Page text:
As the summer holidays approach, you might find yourself questioning how you’ll look after your loved one with autism while there is no school. If you look after an adult with autism, you might also be wondering where the best places to get respite care are when you simply need a short break.
Taking a break
It’s ok to need a rest from taking care of someone, in fact, it’s completely normal! You also need time to look after yourself and refresh, especially if you care for your loved one the majority of the time.
What is Respite Care?
Respite care means taking a break from caring, while the person you care for is looked after by someone else. It lets you take time out to look after yourself and helps stop you becoming exhausted and run down [i].
For children and young people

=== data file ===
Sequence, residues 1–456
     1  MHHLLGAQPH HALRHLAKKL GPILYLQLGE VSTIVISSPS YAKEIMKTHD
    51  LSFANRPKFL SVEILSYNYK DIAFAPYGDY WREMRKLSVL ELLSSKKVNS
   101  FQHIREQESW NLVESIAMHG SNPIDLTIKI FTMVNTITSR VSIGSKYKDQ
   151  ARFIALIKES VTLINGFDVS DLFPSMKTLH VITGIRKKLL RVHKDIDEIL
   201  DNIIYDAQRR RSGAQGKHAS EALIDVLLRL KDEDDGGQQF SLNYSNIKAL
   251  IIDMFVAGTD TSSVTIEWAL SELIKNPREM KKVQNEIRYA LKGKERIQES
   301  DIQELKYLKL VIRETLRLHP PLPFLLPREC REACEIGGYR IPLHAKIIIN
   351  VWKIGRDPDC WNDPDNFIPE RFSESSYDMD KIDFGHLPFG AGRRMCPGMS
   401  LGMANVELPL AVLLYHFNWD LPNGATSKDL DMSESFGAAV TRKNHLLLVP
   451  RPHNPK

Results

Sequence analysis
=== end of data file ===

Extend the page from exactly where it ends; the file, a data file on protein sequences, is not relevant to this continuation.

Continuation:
KIDS is an organisation that provides short breaks for families to help reduce stress and give the family a rest while providing the child or young person with the opportunity to discover new interests, meet new people and experience fun activities.
The short breaks that KIDS take your child or young person out into a community setting with a specialist KIDS worker. This can be such activities as the cinema, bowling or to the local swimming pool. KIDS workers can also provide care for your loved one in your own home while the rest of the family go out, or they can accompany you and your family on an outing supporting all members of the family to have an enjoyable shared experience [ii].
Visit disabledchildren.org.uk where you can access an online portal to book your short breaks and manage your bookings for your loved one. The website also provides other family’s stories of using the service.
The National Autistic Society offers residential and supported living options across the UK. Their residential services provide accommodation and support for autistic adults for the whole year [iii]. All their services are CQC registered. The supported living is designed for autistic adults and provides extra support to live in their own homes or within accommodation, to live alone or with others [iv].